Your rasboras will be fine. I've kept them with no issues in pH of 8.0. I don't understand anyone trying to advise lowering the pH unnecessarily unless you are attempting to breed them or get wild-caught specimens which is another story.

I don't think I get your last paragraph.
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Old 03-03-2011, 08:23 PM   #7 
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Alright, I will stay away from cories and kuhlis then. I am glad to hear the rasboras should be fine in this water, because they sound like great fish.

Haha, now that I've reread the last paragraph I see why it didn't make sense. To explain, there is a common goldfish in the tank temporarily. I want to wait until spring to clean the outdoor pond and put the goldfish in it. At that time, I will also get some more goldfish for the pond for this one to live with. I will then convert the empty 20 gallon to a tropical tank. The nice thing is that it will already be cycled. I was asking if there is probably enough algae in that tank for nerite snails to eat since it has been established for a while, or do they need a specific type of algae?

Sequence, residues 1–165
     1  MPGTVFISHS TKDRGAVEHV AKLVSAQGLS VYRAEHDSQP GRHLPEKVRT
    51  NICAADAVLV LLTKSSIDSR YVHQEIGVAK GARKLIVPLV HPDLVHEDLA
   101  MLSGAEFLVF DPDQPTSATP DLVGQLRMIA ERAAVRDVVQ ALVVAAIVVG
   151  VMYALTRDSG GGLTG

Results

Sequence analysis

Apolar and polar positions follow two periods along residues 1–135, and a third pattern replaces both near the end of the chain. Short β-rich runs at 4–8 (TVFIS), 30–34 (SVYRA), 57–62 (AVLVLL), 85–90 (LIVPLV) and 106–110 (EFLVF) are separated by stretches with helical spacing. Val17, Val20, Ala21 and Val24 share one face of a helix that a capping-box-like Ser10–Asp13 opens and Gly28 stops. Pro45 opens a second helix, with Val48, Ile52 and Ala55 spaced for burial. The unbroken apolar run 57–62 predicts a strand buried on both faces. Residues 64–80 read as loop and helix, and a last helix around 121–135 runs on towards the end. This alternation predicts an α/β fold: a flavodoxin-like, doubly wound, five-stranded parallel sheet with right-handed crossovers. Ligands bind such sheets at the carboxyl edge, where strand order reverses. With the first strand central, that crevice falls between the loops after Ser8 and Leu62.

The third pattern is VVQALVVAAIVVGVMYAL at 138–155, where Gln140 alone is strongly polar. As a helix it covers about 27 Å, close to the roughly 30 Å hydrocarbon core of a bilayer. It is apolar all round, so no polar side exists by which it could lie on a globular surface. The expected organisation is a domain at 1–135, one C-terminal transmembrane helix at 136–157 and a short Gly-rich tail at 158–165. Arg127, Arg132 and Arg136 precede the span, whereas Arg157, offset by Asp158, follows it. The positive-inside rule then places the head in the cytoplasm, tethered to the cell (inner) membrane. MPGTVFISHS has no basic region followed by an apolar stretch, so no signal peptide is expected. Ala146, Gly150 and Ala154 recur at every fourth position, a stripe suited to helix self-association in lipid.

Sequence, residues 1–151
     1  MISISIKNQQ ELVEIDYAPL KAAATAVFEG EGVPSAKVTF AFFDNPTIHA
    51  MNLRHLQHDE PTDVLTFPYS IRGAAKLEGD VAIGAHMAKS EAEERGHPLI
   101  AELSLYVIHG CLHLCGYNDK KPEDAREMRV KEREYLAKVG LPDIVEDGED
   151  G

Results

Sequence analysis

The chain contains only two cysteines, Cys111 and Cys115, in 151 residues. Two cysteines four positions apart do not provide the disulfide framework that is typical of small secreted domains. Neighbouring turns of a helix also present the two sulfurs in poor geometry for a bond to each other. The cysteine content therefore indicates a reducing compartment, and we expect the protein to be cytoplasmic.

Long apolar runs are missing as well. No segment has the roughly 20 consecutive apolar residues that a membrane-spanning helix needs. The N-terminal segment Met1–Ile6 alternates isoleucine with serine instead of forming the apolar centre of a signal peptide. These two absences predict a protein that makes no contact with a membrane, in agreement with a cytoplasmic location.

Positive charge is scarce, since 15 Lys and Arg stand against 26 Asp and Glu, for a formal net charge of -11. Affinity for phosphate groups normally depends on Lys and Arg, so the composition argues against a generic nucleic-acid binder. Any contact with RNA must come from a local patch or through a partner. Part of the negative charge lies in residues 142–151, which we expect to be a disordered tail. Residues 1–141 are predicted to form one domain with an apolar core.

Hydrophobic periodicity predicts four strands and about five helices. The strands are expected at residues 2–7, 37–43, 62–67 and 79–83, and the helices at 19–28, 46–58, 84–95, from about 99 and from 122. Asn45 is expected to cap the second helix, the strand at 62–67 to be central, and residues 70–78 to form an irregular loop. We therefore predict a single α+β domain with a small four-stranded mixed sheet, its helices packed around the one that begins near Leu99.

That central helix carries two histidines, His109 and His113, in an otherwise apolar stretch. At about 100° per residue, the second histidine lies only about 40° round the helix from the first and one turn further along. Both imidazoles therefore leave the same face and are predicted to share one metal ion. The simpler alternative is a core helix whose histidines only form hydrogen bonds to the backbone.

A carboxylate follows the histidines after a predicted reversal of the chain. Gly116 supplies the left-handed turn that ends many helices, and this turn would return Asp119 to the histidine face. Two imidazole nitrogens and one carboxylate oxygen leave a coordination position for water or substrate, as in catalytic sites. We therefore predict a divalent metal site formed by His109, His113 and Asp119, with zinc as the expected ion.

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Old 03-04-2011, 05:40 AM   #8 
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They're not picky when it comes to algae. Mine ate green algae, red algae, brown algae, etc. The exception is the toxic blue-green algae. It's not algae but cyanobacteria. If you think you don't have adequate supply of algae, it's easy to culture them anyway. Do you know how to? Let me know so I can help on this.
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Old 03-04-2011, 09:09 AM   #9 
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Don't you culture algea by putting stones in a container full of water in bright sunlight then putting the stones in the tank once their is algea?
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Old 03-04-2011, 06:00 PM   #10 
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Originally Posted by shinybetta View Post
Don't you culture algea by putting stones in a container full of water in bright sunlight then putting the stones in the tank once their is algea?
Exactly. I was in a hurry then and could not think of a way to shorten it. My brain gets busy making long compositions all the time.